The Patrol

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“The patrol system is not one method in which Scouting can be carried on. It is the only method.”
—Lord Baden-Powell, Scouting’s founder

A Scout patrol is a small team of normally six to eight members where Scouts learn skills together, share responsibilities and take on leadership roles.

As a member of a patrol, youth are afforded opportunities that are hard to find anywhere else. Unlike a sports team,  a Scout patrol carries out a wide range of tasks that require pooling resources and working together to function successfully in all kinds of circumstances. 
For most young people, being in a Scout patrol will be the first time they have to rely upon themselves and other young people to follow an array of necessary steps to satisfy objectives that requires a wide range of life skills.

Like any team, a patrol will function well only as long as all the particular responsibilities pertaining to the completion of a task are carried out successfully. Because of its size, this gives every member an opportunity to participate, and this in itself results in some positive outcomes. Making a contribution to the patrol’s success provides a welcome sense of belonging, of being appreciated, and a feeling of competency resulting in self esteem. 

As an illustration, let’s take the example of preparing a full course dinner on a campout. To accomplish this undertaking effectively, under the direction of their patrol leader, all members of the patrol get to plan the menu. One or two get to accomplish the shopping, According to their prepared duty roster, and hinging on how the food will be prepared, one or more can organize getting the water for cooking and cleaning, and prepare the fire or setup the stove(s). Others will be designated to do the actual cooking, lead the blessing, serve the food, and oversee the cleanup. Of course the whole patrol gets to eat the meal. It’s a patrol enterprise, requiring cooperation, the sharing of responsibilities and leadership, working for the collective good, and putting skills into action. The patrol method models good citizenship and develops servant leadership.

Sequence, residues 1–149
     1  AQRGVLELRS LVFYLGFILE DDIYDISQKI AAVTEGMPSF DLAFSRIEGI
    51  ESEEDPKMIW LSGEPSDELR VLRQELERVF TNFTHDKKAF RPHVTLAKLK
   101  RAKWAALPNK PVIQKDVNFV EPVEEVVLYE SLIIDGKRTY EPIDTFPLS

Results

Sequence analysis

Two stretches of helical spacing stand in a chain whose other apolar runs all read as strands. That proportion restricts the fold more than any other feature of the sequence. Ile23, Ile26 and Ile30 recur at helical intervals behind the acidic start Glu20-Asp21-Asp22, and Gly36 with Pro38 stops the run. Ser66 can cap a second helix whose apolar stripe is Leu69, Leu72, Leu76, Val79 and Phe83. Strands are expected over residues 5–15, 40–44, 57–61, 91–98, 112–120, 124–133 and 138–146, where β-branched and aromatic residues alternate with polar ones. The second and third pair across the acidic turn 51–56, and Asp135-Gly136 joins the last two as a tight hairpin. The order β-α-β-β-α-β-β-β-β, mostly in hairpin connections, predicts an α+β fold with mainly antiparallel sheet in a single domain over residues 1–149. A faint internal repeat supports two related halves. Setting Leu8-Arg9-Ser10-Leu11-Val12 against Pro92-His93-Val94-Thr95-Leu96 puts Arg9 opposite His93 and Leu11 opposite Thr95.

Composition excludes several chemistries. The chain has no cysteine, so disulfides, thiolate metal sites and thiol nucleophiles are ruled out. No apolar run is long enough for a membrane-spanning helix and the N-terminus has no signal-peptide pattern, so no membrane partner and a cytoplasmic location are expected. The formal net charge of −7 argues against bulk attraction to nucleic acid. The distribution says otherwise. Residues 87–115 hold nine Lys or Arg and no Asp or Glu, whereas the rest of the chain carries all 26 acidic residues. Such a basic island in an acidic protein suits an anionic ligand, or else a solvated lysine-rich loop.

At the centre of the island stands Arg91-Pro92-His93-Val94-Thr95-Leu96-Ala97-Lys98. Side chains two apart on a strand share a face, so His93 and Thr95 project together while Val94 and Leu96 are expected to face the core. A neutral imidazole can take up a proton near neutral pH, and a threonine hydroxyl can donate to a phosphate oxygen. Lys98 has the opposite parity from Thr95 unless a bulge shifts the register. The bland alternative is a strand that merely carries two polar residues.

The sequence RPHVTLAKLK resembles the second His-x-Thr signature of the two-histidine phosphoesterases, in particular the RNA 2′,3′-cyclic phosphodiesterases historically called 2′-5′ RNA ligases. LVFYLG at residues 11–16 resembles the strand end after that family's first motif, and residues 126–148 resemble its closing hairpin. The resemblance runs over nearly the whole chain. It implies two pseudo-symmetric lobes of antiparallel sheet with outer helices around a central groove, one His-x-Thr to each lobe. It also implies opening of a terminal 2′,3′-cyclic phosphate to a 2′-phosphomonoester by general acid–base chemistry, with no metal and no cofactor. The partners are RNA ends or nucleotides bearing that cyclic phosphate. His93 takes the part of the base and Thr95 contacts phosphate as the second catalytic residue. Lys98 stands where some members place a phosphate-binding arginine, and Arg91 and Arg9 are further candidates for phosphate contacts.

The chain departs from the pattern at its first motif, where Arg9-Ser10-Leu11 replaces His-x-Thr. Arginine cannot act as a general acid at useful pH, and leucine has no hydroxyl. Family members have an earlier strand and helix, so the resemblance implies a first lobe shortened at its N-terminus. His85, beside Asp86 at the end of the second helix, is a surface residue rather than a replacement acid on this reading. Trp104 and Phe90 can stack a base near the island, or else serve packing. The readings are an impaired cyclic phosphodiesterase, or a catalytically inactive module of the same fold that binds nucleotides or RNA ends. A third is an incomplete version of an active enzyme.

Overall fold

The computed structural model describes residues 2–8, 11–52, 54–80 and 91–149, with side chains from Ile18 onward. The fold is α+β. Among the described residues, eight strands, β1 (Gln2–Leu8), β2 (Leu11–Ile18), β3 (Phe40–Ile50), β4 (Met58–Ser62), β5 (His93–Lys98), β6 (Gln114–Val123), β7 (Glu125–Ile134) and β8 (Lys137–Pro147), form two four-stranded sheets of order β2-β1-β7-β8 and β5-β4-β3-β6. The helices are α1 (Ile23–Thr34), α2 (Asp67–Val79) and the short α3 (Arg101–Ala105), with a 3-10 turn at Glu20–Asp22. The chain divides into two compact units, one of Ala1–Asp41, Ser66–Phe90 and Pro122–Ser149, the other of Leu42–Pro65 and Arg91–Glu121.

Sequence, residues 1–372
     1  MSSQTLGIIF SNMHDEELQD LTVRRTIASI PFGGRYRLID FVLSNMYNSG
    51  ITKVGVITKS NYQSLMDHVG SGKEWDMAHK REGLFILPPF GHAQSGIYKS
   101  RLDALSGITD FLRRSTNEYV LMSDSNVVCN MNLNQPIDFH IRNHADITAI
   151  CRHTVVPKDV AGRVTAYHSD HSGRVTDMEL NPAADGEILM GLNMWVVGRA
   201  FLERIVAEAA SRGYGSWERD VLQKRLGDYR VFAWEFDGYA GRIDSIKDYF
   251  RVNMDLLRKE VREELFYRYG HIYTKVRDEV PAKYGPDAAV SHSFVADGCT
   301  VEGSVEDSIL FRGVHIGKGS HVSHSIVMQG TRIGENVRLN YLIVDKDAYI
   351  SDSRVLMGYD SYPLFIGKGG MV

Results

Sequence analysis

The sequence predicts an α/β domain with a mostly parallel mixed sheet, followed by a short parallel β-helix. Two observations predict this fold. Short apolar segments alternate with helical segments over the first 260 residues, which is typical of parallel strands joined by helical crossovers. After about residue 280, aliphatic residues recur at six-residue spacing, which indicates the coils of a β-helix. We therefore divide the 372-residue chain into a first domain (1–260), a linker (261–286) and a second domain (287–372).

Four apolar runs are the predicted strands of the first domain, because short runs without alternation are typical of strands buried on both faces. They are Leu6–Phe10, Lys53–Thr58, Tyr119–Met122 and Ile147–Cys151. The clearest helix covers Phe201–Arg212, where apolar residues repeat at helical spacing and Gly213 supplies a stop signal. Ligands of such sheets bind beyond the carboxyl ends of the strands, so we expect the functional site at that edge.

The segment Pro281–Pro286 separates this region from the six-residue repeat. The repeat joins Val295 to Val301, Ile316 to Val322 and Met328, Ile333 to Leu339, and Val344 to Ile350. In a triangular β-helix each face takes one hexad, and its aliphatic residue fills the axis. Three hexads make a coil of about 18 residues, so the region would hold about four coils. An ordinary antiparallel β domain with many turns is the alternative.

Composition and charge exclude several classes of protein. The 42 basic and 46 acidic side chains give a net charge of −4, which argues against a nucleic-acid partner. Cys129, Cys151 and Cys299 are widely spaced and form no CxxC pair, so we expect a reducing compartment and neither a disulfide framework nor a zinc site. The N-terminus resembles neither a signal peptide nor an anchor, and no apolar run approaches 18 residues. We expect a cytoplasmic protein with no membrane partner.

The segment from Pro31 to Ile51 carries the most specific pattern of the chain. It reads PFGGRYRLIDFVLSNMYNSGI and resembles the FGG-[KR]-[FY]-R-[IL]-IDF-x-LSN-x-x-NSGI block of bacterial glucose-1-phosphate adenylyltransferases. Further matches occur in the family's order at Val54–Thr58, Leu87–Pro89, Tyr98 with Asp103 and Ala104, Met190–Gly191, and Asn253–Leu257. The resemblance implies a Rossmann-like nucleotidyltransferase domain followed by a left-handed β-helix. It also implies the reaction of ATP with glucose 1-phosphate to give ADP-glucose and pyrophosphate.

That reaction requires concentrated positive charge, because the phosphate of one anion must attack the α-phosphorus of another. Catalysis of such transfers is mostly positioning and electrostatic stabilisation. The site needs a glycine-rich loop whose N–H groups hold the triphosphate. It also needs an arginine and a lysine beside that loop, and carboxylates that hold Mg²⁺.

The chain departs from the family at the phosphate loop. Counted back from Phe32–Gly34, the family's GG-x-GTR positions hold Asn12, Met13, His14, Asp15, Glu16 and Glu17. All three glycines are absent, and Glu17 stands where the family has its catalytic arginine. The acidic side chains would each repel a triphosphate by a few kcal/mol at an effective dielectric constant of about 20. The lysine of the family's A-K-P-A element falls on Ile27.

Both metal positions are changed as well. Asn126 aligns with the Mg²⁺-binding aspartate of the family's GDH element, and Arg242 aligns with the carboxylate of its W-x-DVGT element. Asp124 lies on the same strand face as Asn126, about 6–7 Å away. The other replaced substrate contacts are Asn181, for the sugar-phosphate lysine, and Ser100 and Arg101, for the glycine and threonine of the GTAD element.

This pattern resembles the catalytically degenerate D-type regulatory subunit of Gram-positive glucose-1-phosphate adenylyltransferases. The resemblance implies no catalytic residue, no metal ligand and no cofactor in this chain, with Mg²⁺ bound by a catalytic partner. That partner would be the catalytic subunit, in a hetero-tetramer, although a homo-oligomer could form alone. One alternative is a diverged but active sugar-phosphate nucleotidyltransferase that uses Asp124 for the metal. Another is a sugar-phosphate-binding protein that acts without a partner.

Referring to his original Brownsea Island Scouting “experiment,” Baden-Powell said, “The troop was divided up into “Patrols” the senior Scout in each being patrol leader. This organization was the secret of our success. Each patrol leader was given full responsibility for the behavior of his patrol at all times, in camp and in the field. The patrol was the unit to work or play, and each patrol was camped in a separate spot. The Scouts were put “on their honor” to carry out orders. Responsibility and competitive rivalry were thus at once established, and a good standard of development was ensured throughout the troop from day to day.”

In his Aids to Scoutmastership, B-P says, “The Patrol System is the one essential feature in which Scout training differs from that of all other organizations, and where the System is properly applied, it is absolutely bound to bring success. It cannot help itself! The formation of the Scouts into patrols of from six to eight and training them as separate units each under its own responsible leader is the key to a good troop. The patrol is the unit of Scouting always, whether for work or for play, for discipline or for duty. An invaluable step in character training is to put responsibility on to the individual. This is immediately gained in appointing a patrol leader to responsible command of their patrol. It is up to them to take hold of and to develop the qualities of each Scout in their patrol. It sounds a big order, but in practice it works. Then, through emulation and competition between patrols, you produce a patrol spirit which is eminently satisfactory, since it raises the tone among the Scouts and develops a higher standard of efficiency all ’round. Each member of the patrol realizes that they are in themselves a responsible unit and that the honor of their group depends in some degree on their own ability in playing the game.”

“My ideal camp is where everyone is cheery and busy, where the patrols are kept intact under all circumstances, and where every patrol leader and Scout takes a genuine pride in his camp and his gadgets.” — Lord Baden-Powell

Types of Patrols

A Beginner’s Guide to the Patrol Method

Patrol Duty Roster